The US should follow New Zealand’s lead for dealing with the pandemic

Yesterday brought some encouraging news of a survey that shows that most Americans do not believe Trump’s assertions that the US is doing a better job of dealing with the pandemic than other countries, and they are looking for the government to issue aggressive national plan to fight the epidemic and are willing to wear masks and accept other restrictions.

Two-thirds of respondents said they believe the U.S. is handling the pandemic worse than other countries, and most want the federal government to take extensive action to slow the spread of the coronavirus, favoring a top-down approach to reopening schools and businesses.

While debates over masks and whether to reopen have dominated headlines, more than three-quarters of respondents support enacting state laws to require mask wearing in public at all times. And nearly 60% said they would support a nationwide order making it mandatory to shelter at home for two weeks.

Even some conservatives who plan to vote for Trump say the federal government should do more.

Other measures that enjoy broad backing include government funding to expand testing for the coronavirus and make it free of charge, making any future vaccine available to all Americans, and a push to produce more personal protective equipment.

On the question of schools, 66% of Americans say they prefer remote, distance learning for children in their area in the fall, a view shared overwhelmingly by Democrats. Republicans are more divided, with nearly 60% agreeing with Trump that schools should reopen and kids should return to classrooms.

As Washington is deadlocked on aspects of a federal relief package, most people polled – roughly two-thirds – say the federal government should take on more debt to pass a bill that provides a payment for all Americans. A similar number want federal unemployment benefits extended.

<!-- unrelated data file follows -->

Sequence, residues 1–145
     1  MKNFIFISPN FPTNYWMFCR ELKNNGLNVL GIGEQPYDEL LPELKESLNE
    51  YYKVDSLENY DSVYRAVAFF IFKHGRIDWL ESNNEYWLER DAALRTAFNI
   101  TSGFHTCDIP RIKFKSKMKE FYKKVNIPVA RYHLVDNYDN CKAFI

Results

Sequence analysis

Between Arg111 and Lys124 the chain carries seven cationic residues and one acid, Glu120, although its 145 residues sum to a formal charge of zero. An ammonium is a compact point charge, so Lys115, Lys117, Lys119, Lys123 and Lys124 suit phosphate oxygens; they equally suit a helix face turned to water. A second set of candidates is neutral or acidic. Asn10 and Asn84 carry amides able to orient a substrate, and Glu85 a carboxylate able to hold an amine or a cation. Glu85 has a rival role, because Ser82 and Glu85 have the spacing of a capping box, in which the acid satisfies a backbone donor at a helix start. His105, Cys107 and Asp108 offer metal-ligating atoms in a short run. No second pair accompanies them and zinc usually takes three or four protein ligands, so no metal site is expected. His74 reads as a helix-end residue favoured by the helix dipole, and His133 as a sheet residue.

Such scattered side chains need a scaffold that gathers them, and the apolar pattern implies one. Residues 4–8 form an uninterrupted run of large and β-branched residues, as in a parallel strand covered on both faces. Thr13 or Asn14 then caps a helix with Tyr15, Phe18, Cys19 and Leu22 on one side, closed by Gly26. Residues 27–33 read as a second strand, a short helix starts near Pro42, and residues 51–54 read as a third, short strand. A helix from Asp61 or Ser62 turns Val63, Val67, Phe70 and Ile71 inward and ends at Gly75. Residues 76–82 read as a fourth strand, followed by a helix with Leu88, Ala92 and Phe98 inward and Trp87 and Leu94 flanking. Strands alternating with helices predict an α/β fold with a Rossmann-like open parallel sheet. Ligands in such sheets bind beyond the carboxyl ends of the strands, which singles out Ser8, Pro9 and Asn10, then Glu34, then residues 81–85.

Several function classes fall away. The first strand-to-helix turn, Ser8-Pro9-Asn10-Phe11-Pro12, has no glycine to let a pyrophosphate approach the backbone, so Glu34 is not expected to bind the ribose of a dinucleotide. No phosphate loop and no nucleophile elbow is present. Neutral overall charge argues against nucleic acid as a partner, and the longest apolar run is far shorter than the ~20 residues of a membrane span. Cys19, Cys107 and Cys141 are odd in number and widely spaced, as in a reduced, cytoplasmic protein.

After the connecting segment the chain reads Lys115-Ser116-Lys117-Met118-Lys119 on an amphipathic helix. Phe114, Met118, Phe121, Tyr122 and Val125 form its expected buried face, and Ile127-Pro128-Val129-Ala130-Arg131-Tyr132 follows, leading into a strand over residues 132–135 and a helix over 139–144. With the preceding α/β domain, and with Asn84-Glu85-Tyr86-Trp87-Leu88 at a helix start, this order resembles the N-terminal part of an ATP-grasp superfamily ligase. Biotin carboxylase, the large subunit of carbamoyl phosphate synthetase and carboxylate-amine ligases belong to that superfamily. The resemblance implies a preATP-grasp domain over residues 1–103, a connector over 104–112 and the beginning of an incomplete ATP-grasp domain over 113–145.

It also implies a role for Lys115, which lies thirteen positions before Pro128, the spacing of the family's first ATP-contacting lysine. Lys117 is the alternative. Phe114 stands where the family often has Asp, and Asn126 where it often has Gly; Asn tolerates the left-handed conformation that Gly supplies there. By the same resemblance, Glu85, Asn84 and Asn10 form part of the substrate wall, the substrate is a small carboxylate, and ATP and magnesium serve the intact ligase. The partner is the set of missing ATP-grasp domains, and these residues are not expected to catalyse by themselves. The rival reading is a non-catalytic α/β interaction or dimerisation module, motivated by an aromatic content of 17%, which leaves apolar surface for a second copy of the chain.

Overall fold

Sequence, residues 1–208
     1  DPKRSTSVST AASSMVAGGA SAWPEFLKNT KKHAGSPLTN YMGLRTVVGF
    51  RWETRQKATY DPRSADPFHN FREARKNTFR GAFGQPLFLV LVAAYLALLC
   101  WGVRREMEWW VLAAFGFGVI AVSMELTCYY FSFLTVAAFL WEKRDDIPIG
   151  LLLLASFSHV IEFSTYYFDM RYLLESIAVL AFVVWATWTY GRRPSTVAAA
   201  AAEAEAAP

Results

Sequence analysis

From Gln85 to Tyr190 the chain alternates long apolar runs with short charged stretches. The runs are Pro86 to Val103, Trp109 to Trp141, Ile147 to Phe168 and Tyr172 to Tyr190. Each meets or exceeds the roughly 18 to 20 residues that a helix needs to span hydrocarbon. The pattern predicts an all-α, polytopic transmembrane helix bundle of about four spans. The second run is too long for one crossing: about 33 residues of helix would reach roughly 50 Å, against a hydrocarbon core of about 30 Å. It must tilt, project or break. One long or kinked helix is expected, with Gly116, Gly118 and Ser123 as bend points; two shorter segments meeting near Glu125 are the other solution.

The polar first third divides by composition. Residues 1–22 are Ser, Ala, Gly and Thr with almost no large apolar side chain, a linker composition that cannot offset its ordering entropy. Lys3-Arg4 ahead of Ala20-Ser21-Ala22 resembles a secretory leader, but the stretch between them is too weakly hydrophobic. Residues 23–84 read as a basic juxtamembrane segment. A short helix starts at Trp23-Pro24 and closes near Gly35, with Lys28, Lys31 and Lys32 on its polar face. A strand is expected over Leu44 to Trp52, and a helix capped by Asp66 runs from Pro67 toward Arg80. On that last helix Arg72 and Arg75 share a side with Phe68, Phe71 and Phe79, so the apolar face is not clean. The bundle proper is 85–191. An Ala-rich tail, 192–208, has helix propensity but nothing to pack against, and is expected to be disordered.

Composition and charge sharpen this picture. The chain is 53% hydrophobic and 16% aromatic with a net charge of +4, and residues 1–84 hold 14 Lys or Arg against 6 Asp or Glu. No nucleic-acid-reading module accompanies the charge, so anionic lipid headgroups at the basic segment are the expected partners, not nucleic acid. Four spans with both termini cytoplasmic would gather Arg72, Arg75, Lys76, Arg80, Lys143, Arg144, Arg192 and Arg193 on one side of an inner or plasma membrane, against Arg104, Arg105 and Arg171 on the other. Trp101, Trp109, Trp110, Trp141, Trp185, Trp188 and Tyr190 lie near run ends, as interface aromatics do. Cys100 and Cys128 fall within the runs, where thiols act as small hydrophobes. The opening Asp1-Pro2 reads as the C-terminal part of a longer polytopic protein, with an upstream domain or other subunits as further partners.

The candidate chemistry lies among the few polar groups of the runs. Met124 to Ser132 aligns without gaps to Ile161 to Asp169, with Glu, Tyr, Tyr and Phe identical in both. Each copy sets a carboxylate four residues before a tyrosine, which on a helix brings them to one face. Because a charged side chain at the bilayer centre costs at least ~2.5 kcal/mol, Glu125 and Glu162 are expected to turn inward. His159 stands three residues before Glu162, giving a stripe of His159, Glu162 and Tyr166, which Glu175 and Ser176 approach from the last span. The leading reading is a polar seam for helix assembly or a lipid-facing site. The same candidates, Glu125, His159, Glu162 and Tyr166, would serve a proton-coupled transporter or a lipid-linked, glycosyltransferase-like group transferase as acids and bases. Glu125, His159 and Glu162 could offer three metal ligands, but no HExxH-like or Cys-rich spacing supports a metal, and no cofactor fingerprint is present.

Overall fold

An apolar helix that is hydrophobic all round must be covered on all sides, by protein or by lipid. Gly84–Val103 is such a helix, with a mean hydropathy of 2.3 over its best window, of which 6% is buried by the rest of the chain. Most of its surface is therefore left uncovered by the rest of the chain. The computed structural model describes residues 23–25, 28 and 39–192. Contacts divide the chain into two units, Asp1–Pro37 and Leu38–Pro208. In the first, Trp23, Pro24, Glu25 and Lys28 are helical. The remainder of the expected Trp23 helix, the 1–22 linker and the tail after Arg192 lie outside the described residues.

So what we are seeing is a failure in leadership by Trump that cannot be blamed entirely on a recalcitrant public. Trump has failed to gauge the national mood and his decision to base his actions on what he perceives will work to his political advantage is backfiring. While there are disturbing signs of a resurgence of the covid-19 virus around the world, even in those countries that seemed to have gained some control over it, one country where the situation seems to be stable is New Zealand where their prime minister Jacinda Ardern imposed a harsh crackdown right from the beginning even when there were few cases. As a result, life is largely back to normal there, though the government is still keeping a close watch.

It is approaching 100 days since the last “mystery” case of the coronavirus – meaning an infection transmitted locally from an unknown source – was diagnosed in New Zealand, and apart from strict border measures life has been back to normal since early June, following one of the world’s strictest lockdowns beginning in late March. There are 27 confirmed cases of the virus in the country, all of them confined in quarantine facilities, and 22 people have died since the pandemic began.

While being an island nation undoubtedly helped, Australia also had that advantage but could not achieve the same result. At one point it seemed like Australia had also brought it under control, raising hopes that the two nations could form a bubble with free travel between them. But there has been a resurgence in neighboring Australia, especially in the state of Victoria where Melbourne is, putting paid to that plan.

In late March, Ardern announced a national shutdown of the country when New Zealand had only recorded just over 200 cases of Covid-19. Unlike in Victoria, even takeaway food and visits to intimate partners were off-limits – measures her detractors said were too high a price to pay. Opposition MPs decried their inability to purchase coffees and haircuts as Australians could.

But the situation in Australia was also a wakeup call for New Zealand, epidemiologists said. For Kiwis, all restrictions have lifted on everyday life, and the country’s virus-free status is entirely reliant on strict border controls for returning travellers – an area where Victoria has been plagued by mistakes.

New Zealand’s lockdown rules had been so strict and so clearly communicated that rule-breaking had been easily apparent, he added, urging the leaders of Victoria and New South Wales to “give limited opportunity” for the virus to spread – which should include barring delivery meals, which were banned during New Zealand’s lockdown.